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Year : 2018  |  Volume : 15  |  Issue : 2  |  Page : 77-82

Microalbuminuria among participants with high-normal blood pressure attending a tertiary health institution in Nigeria

1 Department of Medicine, Bayero University/Murtala Muhammad Specialist Hospital, Kano, Nigeria
2 Department of Medicine, Bayero University/Aminu Kano Teaching Hospital, Kano, Nigeria
3 Department of Medicine, Jos University Teaching Hospital, Jos, Nigeria

Correspondence Address:
Dr. Saidu Hadiza
Department of Medicine, Bayero University Kano/Murtala Muhammad Specialist Hospital, Kano
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Source of Support: None, Conflict of Interest: None

DOI: 10.4103/njc.njc_18_17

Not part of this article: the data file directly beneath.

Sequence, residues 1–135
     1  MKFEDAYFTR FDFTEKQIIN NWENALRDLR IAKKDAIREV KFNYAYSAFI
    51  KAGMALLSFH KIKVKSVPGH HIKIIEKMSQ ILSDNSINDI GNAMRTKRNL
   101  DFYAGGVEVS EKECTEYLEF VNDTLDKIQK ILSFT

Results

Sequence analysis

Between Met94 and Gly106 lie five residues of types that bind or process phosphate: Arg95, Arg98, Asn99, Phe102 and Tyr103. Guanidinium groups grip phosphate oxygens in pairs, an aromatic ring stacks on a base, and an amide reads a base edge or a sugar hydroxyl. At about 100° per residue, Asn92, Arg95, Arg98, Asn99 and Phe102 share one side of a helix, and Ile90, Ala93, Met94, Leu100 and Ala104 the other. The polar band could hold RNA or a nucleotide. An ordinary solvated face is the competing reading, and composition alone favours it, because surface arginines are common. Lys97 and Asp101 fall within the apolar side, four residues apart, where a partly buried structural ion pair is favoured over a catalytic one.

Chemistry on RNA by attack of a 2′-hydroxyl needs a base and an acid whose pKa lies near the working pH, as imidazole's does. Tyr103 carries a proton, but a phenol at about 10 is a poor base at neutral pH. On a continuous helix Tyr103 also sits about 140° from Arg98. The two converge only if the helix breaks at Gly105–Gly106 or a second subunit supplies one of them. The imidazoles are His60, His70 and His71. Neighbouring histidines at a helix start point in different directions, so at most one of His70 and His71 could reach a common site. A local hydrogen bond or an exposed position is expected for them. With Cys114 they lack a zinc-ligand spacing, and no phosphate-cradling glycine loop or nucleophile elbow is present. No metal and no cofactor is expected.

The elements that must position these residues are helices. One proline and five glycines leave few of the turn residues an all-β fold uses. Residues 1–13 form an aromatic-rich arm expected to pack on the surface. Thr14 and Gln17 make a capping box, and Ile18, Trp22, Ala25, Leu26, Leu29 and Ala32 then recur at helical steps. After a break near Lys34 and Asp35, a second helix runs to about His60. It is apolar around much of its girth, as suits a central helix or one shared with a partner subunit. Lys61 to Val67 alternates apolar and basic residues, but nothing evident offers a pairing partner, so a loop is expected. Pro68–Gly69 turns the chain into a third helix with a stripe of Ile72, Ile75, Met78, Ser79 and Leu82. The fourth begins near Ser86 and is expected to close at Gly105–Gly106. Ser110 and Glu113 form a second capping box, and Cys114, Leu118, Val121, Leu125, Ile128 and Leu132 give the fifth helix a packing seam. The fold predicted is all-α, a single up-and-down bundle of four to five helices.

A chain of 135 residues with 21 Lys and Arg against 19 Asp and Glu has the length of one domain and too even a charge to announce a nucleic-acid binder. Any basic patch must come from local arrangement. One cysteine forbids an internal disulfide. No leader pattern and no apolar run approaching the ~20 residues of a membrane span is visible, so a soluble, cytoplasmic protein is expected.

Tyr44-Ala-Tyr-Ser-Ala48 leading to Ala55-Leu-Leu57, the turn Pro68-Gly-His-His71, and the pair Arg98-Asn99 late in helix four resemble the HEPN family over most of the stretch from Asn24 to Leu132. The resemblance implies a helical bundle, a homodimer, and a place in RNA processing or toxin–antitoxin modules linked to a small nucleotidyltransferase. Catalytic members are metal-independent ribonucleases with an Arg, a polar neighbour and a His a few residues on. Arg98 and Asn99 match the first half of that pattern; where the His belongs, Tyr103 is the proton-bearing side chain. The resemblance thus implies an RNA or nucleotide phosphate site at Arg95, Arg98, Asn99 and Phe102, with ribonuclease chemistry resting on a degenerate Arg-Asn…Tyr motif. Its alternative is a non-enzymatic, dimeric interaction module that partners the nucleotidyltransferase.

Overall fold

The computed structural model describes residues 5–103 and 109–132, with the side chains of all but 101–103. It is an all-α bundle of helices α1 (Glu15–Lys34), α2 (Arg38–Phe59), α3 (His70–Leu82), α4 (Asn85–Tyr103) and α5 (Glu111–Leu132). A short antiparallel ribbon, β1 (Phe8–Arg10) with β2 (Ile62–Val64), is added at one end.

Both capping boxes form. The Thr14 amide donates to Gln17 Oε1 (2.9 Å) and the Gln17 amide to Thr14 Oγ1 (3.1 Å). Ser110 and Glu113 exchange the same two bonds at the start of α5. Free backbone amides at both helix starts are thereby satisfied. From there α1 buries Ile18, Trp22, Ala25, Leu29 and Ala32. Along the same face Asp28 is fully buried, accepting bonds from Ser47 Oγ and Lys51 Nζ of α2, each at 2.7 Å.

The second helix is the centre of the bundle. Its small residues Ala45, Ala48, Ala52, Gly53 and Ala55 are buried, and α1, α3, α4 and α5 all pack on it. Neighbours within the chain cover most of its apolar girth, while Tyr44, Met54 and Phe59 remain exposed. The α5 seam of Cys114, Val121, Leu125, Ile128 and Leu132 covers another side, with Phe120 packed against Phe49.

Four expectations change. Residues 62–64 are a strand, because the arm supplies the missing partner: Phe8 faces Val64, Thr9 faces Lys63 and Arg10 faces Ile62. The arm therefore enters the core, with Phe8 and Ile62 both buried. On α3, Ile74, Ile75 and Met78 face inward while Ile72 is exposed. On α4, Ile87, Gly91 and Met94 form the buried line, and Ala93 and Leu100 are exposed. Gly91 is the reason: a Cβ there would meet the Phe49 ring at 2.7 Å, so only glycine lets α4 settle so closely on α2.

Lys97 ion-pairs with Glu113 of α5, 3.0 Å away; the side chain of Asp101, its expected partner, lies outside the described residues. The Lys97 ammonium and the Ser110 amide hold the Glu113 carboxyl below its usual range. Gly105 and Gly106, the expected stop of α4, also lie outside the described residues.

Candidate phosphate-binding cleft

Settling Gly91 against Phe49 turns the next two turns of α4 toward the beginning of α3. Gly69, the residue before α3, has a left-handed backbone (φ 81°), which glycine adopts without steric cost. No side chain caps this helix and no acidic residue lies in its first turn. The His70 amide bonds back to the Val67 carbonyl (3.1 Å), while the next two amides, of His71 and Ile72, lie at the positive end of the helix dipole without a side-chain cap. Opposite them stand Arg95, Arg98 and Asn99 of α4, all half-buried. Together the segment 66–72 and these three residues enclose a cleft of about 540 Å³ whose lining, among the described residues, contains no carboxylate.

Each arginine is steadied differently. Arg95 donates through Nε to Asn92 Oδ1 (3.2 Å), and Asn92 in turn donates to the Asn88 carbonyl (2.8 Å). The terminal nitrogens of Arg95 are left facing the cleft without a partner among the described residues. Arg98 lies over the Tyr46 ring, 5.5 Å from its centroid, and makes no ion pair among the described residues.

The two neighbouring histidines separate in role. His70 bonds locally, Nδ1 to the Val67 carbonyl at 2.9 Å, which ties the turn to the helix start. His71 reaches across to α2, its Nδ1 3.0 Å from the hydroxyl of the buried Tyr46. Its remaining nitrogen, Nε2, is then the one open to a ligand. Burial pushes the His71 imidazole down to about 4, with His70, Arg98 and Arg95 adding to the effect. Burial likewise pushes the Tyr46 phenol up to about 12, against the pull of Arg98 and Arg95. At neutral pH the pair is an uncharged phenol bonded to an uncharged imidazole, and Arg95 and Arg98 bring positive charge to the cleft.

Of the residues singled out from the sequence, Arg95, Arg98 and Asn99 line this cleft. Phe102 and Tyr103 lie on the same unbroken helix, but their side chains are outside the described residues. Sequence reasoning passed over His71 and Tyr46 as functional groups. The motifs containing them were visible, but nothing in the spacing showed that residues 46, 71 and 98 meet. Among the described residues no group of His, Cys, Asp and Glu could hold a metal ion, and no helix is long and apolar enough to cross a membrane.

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Background: Participants with high-normal blood pressure (BP) (systolic BP [SBP] 130–139 mmHg and/or diastolic BP [DBP] 85–89 mmHg) have higher cardiovascular disease (CVD) risk factors compared with optimal BP (SBP <120 mmHg and/or DBP <80 mmHg). In the present study, the prevalence of microalbuminuria, factors associated with it, and other CVD risk factors were assessed among participants with high-normal BP in comparison to controls. Methods and Results: Out of 200 participants screened, 92 with high-normal BP (Group 1) and 97 with optimal BP (Group 2) who had no history of hypertension or diabetes mellitus were consecutively recruited after satisfying the inclusion criteria. Microalbuminuria was determined using Micral test strips using first-morning urine sample. The mean age of participants in Group 1 was 33.39 ± 5.17 years, while that for Group 2 was 27.01 ± 7.4 years (P ≤ 0.001). The prevalence of microalbuminuria was higher among participants in Group 1 than in participants in Group 2 (12.9% vs. 4.1%, P = 0.037). Participants in Group 1 were older, had higher mean SBP, DBP, body mass index (BMI), fasting plasma glucose, total cholesterol, low-density lipoprotein cholesterol, and triglycerides than those in Group 2. Pearson's correlation coefficient showed a significant association between BMI and microalbuminuria among all the study participants (r = 0.625, P ≤ 0.007), and the BMI explains 37.7% of the variability of urinary albumin excretion among participants (R2 = 0.377, P = 0.007). Conclusion: Participants with high-normal BP had a higher prevalence of microalbuminuria and risk factors for CVD than those with optimal BP. The results suggest that participants' BMI is linked to urinary albumin excretion, and if proven in larger studies, the findings might be useful in the early prevention of CVD among individuals with high-normal BP.

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